Family hope Naden’s story will finally be told

BY AMY MCQUIREAPRIL 3, 2012

 Originally published in Tracker Magazine.

Malcolm Naden is escorted by corrective services officers after being charged and appearing at Taree Local Court (AAP IMAGE).

NEW SOUTH WALES: It’s the news we’ve been waiting seven years to hear.

Shortly after midnight, on Thursday March 22nd, Australia’s most wanted man and the subject of folklore across NSW, Malcolm John Naden, was captured as he tried to escape from a private property near Gloucester, in the Barrington Tops.

The manhunt for Naden intensified in December last year after he escaped from encroaching officers by shooting a police officer, at a site near Tamworth. It was the biggest breakthrough in the case since police shut down Dubbo’s world famous open-range zoo in 2005, after a staff member spotted him roaming the grounds.

Immediately, the bounty for information relating to his capture was more than doubled to $250,000.

Naden has been on the run for seven years, wanted over the murder of 24-year-old Kristy Scholes, an Aboriginal mother-of-two and the partner of his cousin, and for questioning in relation to the disappearance of his 24-year-old cousin Lateesha Nolan, an Aboriginal mother-of-four.

He was also wanted for questioning over an indecent assault on a 15-year-old girl.

In the course of those seven years, Naden has lived on in the stories of communities – both black and white – across New South Wales.

He’s been the subject of numerous unsubstantiated sightings from Redfern to Boggabilla.

But his location was first pinpointed to the Barrington Tops five years ago, when his fingerprints were found on two separate occasions – once in 2007 and again in 2008.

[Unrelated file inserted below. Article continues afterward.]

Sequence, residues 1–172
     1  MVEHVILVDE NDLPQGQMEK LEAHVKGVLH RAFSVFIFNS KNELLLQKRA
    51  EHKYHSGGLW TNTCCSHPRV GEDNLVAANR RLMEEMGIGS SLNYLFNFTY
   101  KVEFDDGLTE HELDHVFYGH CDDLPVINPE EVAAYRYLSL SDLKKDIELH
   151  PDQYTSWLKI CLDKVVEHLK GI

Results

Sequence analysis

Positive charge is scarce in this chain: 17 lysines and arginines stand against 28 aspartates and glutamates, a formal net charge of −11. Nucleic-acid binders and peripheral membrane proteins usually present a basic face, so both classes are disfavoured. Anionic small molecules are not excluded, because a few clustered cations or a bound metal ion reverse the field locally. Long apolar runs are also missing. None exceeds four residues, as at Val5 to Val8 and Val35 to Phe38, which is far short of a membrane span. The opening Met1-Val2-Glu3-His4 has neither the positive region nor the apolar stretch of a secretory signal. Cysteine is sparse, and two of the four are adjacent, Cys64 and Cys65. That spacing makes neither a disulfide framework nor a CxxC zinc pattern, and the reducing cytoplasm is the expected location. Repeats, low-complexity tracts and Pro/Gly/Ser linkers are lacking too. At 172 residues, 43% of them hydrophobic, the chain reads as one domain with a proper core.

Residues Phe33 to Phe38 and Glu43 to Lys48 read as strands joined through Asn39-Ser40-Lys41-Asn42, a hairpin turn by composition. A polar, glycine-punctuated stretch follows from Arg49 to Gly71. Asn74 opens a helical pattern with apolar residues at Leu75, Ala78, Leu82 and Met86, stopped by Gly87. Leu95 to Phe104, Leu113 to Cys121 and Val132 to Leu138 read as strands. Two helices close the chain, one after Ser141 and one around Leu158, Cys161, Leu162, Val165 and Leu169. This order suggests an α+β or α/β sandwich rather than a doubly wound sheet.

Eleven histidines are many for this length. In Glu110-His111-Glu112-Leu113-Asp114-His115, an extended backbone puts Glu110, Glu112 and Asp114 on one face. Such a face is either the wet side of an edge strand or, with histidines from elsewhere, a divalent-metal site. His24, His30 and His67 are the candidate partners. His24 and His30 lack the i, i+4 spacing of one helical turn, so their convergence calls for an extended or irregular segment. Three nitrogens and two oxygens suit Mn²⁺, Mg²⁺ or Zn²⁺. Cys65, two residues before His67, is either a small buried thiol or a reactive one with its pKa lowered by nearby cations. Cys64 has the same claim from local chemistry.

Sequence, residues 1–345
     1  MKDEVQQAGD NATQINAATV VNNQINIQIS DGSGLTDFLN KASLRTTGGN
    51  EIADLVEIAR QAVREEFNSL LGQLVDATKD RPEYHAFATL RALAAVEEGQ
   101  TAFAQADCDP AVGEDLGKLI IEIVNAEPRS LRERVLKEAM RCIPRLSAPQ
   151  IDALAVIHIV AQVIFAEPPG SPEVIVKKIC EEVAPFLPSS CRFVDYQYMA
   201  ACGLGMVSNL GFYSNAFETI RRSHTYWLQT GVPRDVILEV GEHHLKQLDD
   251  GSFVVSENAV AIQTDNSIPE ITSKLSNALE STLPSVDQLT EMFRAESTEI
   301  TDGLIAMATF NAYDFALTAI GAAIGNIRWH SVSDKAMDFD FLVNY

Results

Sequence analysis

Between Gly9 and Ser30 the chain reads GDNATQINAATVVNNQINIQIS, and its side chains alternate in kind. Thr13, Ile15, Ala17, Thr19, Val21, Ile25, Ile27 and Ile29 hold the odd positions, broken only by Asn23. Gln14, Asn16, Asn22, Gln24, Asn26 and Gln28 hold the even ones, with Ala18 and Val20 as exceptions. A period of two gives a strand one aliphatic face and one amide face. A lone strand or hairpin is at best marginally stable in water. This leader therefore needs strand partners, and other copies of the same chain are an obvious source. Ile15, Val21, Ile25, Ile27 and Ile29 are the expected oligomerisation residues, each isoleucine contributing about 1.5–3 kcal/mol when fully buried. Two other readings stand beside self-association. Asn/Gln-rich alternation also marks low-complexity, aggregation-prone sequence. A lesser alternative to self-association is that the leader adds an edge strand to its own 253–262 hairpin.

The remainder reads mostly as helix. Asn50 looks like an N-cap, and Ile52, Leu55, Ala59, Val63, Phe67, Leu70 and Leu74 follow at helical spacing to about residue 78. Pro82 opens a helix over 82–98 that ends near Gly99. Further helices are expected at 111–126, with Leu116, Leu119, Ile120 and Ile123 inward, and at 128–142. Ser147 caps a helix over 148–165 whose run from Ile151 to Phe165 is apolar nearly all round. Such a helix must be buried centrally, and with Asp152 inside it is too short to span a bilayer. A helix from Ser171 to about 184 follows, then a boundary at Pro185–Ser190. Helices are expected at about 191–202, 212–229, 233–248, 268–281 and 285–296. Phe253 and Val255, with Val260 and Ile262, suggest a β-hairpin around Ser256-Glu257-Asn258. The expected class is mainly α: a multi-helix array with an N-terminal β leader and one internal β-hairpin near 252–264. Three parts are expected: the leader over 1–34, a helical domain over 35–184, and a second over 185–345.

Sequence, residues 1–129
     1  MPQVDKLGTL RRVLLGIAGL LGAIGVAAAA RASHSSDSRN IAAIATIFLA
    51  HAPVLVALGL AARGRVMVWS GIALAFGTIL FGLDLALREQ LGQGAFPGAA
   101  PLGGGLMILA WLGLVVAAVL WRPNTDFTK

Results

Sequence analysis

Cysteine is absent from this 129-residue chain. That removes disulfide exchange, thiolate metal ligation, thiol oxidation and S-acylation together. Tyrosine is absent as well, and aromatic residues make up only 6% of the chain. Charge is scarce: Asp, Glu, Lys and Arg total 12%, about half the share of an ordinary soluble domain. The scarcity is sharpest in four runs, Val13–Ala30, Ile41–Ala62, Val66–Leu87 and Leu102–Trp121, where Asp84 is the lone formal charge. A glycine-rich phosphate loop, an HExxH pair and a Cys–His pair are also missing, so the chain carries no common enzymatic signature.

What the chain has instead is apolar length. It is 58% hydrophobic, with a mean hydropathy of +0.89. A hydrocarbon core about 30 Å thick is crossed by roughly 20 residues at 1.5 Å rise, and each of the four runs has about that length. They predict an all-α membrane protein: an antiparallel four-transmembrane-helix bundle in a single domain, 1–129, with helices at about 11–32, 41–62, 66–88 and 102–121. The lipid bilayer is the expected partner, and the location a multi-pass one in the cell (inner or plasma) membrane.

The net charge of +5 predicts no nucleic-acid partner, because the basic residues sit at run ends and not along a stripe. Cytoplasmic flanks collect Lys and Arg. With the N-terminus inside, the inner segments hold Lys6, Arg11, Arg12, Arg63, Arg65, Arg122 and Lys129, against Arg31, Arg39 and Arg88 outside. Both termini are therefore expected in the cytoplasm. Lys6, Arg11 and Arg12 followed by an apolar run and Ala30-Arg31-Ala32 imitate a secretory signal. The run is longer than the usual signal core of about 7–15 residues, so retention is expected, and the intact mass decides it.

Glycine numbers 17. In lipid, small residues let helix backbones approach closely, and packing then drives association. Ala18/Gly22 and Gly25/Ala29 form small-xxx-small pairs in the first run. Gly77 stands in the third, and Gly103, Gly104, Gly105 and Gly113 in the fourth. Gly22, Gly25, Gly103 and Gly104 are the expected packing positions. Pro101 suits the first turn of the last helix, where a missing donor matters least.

Now the question – Where is Malcolm John Naden? – has finally been answered.

He is sitting in a two-metre by three-metre cell in Goulburn’s Supermax prison. He’s segregated, and has no entertainment save for 90 minutes a day where he gets his allotted exercise time.

What does he look like?

He’s reportedly shaved off the long beard he sported when he was captured. He’s thinner than his now infamous mug shot, in “reasonable health”, according to police, has a small wound on his bald head, and walks with a slight limp from the wound where the police dog bit him during his capture.

But many more questions remain unanswered.

Chief among them is this: where is Lateesha Nolan? The body of his cousin has never been found. Malcolm has not been charged over her disappearance yet (at the time of press).

And there are so many more. Where has he been for the past seven years? What has he been doing? Has anyone been assisting him?

Those questions will hopefully be answered in coming months.

Naden has been formally charged with the murder of Kristy, indecently assaulting a 15-year old girl and shooting a police officer.

It is expected more charges could be laid.

Naden made no application for bail and no statement of facts was tendered.

The case, in the Taree Local Court, has been adjourned to April 24, according to media reports.

Malcolm and Lateesha’s aunty, Margaret Walker, told Tracker the family were still in shock. But she’s glad her nephew has been found alive.

“The way it was going, we thought he’d be shot on sight. There was always a worry that he’d never be brought in, especially after he (allegedly) shot that policemen.”